If the tree behaves like a List, where iteration order matches insertion order, or if the tree behaves like a SortedSet, where iteration order follows sorting rules, then you'll get back what you started with. If neither of these are true, then it's impossible to do what the OP asks without more details about how elements will be added to and iterated over in the specific tree in question.

Since there are no specific things given other than it is an n-ary tree, one is free to make assumptions. However, for a binary or n-ary tree, I do not understand why the tree behaviour should be like a list or sorted set. A tree is a tree that can be traversed using breadth first or depth first traversals. We are not going to choose any elements from the tree on weightages etc. and create an array. Obviously we have to make use of tree properties only when only that is given to us.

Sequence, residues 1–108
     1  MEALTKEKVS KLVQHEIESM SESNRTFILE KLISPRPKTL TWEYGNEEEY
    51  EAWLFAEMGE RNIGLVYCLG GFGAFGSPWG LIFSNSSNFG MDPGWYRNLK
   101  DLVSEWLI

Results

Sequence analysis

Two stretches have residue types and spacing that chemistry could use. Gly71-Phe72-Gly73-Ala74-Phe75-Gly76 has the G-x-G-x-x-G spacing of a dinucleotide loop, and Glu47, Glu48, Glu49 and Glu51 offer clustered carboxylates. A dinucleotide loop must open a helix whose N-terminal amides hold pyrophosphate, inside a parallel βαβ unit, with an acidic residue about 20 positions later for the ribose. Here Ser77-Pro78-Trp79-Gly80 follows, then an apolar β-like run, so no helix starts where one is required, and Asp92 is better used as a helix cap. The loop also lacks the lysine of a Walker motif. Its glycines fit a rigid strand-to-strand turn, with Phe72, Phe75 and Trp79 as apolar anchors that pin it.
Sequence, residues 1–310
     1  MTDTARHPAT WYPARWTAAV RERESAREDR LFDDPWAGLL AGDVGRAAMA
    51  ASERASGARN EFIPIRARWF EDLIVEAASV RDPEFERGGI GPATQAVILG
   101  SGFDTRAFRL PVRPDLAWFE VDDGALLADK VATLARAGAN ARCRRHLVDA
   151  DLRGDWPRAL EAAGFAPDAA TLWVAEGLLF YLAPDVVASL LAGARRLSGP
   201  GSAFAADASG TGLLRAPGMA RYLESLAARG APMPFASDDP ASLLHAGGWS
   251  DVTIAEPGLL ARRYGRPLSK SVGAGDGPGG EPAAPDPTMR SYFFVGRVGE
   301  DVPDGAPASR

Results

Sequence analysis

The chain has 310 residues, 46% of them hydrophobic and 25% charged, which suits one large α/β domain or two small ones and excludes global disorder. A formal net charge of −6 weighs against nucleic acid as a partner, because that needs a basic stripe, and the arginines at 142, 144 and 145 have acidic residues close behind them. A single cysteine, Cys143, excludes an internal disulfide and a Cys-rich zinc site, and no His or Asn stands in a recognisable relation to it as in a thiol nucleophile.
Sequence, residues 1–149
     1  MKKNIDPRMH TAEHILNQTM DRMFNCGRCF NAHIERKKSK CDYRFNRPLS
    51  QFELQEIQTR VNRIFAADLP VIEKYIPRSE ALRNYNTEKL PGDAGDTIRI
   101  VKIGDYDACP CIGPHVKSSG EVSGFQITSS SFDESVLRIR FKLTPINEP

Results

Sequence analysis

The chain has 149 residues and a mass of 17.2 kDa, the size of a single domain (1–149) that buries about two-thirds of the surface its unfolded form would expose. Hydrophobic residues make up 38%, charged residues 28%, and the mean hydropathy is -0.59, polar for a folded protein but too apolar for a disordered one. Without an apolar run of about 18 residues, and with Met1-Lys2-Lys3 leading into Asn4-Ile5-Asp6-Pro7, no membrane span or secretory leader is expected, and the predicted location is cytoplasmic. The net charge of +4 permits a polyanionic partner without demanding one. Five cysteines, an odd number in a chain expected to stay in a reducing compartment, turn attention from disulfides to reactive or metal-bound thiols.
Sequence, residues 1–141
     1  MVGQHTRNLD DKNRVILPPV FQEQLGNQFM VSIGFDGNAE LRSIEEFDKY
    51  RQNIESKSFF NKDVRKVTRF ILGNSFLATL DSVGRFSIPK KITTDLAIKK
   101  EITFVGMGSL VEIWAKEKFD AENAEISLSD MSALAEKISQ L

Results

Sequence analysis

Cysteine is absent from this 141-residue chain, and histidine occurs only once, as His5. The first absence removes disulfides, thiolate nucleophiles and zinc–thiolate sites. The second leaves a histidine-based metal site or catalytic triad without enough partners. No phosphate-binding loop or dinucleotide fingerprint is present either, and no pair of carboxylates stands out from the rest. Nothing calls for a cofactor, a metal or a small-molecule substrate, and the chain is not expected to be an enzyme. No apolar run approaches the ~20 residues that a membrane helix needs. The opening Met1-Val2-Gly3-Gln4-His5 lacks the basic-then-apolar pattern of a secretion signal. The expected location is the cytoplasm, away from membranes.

Dorothy Taylor wrote:So obviously the problem is convert the n-ary tree to an array. So if the root node is n, then left child is 2n+1 and right is 2n+2. That is clear,

Actually not. In a proper n-ary tree, the left child will be something like p(n^L)+1, where L is the level and p is the 'position' of the parent node in its level; and even then the formula only holds if the tree is perfectly balanced. The case you are quoting is for a heap, which is a special case of a binary tree.

however, it will leave some empty values in the array. Hence this solution is not space efficient.

Actually, if n is large enough, the space taken up by unused slots is very small. SkipLists, for example, use a stack of 'fast-track' pointers akin to your tree to access the elements in a linked list, and the main space inefficiency is in the linked list itself. If n=8, the total overhead for storing the pointers for x nodes in a well-balanced tree approaches x/7, whereas for the linked list itself, it's x (or 2x if the LL is bi-directional).